Expressing disappointment over the government’s lack of interest in promoting tourism in AJK, he commented that Kashmir could not attract foreign tourists to its valley because of the government’s policy, which did not permit global visitors. However, local tourists should be encouraged to visit Kashmir, which would help boost the local economy of the people. He cited India’s example, where around a million local Indians tour the occupied Kashmir every year, which has allowed the domestic industry to grow. He pointed out that after the 9/11 incident, tourists of the Arab World thronged the Far Eastern countries. Pakistan, which offered greater facilities for tourists and more panoramic vistas, failed to attract any. Unfortunately the government was also not interested in promoting the business of Halal Food, a global trade, he lamented and added that Pakistan also did not place its products on the global market, while Thailand had a greater share, with its improved expertise in exporting products to international consumers.

The former FPCCI President, who is also the Finance Secretary of the Pakistan Muslim League (Nawaz), revealed that his party had already prepared an economic plan on how to augment the national economy and enhance productivity, if they came into power.

Tahir Hasan Khan - The News (June 2012)

Monday 25 June 2012

Mother turned away from parents’ evening in Manchester due to face veil

Manchester, United Kingdom: Maroon Rafique missed an important talk concerning her son's university education because she would not remove the niqab

A mother was turned away from a parents’ evening because she was wearing a full-face veil.
Maroon Rafique, 40, was told that for the security and safety of children and teachers at the college there was a ban on any type of face coverings. She was warned that unless she removed her full-face covering, known as the niqab, she would not be allowed into the college to attend.

In the end, a stunned Mrs Rafique was forced to call her husband, who took her place and went with their son Awais, 18.

Mrs Rafique, who has worn the niqab for seven years, said: ‘I’m born in this country and British. Why should what I wear offend anyone? I didn’t want to make any fuss. All I wanted was to find out the information to help my son go to university.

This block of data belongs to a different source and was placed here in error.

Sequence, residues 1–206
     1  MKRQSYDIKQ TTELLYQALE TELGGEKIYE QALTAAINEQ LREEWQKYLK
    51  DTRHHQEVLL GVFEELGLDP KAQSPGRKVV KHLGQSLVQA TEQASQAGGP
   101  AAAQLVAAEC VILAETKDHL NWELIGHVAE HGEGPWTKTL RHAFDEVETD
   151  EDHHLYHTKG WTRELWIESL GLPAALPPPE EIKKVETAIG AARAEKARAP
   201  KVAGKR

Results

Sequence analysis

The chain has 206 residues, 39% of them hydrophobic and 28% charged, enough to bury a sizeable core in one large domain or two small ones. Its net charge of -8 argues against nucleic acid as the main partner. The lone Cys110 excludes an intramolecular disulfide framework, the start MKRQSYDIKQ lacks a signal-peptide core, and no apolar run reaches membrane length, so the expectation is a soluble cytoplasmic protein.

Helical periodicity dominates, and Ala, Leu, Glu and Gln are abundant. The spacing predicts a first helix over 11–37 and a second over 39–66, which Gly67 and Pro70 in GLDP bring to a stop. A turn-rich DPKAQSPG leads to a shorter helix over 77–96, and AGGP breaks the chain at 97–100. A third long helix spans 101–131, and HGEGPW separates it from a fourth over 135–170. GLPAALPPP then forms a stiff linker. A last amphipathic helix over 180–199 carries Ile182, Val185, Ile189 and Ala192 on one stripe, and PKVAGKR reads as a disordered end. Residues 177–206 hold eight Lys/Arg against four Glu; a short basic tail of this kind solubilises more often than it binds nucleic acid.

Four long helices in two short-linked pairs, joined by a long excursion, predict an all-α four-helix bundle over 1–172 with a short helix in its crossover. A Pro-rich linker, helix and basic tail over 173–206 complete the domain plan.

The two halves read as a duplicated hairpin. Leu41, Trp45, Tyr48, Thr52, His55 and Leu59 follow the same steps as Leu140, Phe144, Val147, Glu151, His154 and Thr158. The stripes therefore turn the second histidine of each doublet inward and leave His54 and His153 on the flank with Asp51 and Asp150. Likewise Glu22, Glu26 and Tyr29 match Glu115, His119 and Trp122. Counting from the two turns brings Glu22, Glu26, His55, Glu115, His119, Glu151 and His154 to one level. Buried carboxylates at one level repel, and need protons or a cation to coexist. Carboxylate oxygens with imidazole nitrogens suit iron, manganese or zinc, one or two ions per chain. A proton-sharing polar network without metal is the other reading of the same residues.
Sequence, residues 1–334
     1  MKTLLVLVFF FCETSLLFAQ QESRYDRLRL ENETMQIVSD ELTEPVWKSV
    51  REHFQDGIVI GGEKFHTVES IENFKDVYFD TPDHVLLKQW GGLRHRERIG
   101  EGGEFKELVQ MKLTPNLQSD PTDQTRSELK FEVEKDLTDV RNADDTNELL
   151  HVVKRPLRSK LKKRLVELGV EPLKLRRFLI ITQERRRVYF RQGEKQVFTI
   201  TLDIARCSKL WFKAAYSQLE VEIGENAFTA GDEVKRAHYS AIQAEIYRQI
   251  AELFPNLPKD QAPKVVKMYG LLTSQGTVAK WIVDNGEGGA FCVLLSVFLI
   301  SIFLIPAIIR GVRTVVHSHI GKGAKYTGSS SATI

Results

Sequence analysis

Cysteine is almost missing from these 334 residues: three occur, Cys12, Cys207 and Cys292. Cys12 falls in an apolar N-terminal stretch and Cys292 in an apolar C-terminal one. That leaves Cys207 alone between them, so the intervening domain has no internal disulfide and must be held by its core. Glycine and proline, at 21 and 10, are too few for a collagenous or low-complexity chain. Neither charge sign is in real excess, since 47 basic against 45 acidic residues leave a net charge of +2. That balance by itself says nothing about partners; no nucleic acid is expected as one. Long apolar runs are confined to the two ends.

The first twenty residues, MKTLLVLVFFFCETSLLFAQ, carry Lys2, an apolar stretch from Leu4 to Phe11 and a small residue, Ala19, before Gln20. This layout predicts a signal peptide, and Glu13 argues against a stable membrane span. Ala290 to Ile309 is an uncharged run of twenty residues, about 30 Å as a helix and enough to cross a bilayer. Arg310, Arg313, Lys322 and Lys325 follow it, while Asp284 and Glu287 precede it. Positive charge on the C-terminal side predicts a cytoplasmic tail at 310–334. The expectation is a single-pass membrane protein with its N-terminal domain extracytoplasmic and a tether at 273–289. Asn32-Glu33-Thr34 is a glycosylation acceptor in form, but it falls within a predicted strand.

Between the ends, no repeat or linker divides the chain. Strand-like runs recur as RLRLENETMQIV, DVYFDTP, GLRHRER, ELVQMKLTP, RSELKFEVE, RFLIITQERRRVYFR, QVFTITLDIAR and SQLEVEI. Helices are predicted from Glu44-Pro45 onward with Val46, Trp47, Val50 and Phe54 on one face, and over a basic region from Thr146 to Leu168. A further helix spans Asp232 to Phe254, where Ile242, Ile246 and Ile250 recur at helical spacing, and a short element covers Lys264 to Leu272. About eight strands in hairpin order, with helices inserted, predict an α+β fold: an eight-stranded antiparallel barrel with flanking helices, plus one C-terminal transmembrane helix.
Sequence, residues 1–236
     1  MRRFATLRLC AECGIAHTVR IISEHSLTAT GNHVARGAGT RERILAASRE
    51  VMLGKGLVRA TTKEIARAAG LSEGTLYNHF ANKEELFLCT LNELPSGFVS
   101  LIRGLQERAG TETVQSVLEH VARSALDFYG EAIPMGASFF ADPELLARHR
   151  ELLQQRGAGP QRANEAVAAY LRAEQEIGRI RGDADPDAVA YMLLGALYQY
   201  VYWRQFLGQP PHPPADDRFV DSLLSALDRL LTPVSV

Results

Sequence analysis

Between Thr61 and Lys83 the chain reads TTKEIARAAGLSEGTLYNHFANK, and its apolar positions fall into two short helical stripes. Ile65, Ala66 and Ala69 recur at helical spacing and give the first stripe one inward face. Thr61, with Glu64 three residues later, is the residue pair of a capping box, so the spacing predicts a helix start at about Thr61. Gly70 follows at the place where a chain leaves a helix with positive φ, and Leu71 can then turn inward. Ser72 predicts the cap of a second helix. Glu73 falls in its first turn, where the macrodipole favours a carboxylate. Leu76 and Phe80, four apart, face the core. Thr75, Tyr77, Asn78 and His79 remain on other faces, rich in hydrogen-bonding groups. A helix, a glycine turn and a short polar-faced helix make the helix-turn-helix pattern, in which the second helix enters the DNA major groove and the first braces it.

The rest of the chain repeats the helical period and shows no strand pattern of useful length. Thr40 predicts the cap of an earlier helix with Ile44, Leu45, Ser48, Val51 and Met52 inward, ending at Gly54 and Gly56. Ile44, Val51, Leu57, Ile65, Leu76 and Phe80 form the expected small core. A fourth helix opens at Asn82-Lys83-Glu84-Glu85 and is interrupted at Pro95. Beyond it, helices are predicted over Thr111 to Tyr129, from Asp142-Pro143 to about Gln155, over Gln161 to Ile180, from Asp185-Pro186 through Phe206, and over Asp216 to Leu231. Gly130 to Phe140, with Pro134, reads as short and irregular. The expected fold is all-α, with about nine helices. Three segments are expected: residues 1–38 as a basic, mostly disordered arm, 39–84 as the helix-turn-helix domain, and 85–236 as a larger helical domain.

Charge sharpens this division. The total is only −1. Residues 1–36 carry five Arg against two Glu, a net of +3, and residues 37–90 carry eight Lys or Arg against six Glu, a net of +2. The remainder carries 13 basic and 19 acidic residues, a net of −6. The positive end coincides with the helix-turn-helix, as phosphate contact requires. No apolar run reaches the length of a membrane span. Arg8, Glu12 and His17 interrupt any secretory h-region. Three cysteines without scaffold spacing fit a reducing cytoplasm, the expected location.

‘I offered to sit at the back or at the front, anywhere where I wouldn’t be seen, if they thought I was going to offend anyone.

‘I was really upset because whenever I’ve visited the college before there’s never been a problem, in fact the tutors have been welcoming and friendly.’

Mrs Rafique, of Whalley Range, Manchester, had been invited to attend the parents’ evening and talk about her son’s education at The Manchester College. But when the mother of two arrived she was apprehended by security staff in the lobby of the college’s Northenden campus. Mrs Rafique, who is married to double-glazing firm boss Abdul, 40, and has a younger son, Ibrahim, 12, said she felt humiliated.

She added: ‘I do get abuse every now and again in the street, which I just have to deal with. However, I was very surprised when I was treated this way by the college.’

Business student Awais, 18, who hopes to take an accountancy course at Manchester University, said: ‘It was really embarrassing when they told her she couldn’t come in. We’ve never, ever been told about any rule about what parents can wear.’

A spokesman for The Manchester College said Mrs Rafique’s concerns were being taken ‘very seriously’ following the incident.

She added: ‘The Manchester College provides a safe and inclusive environment that fosters development and achievement. We apply a single dress code to all college users, including learners and visitors. ‘At all times we need to be able to identify all individuals easily in order to maintain safety and security, and therefore we ask that faces are clearly visible while indoors. Our dress code is reviewed through our quality improvement group and we will take this situation into account at the next review.’

In March, a Muslim woman was barred from serving on a jury because she refused to remove her niqab. The judge said she could not sit on an attempted murder trial because the niqab concealed her facial expressions.

And last year, France imposed a total ban on the full-face veil, introducing fines for anyone who breaks the law.

Reported in The Daily Mail

Sunday 24 June 2012

Saturday 23 June 2012

Friday 22 June 2012

Thursday 21 June 2012

Sardar Attique Ahmad Khan accuses Pakistani leadership of betrayal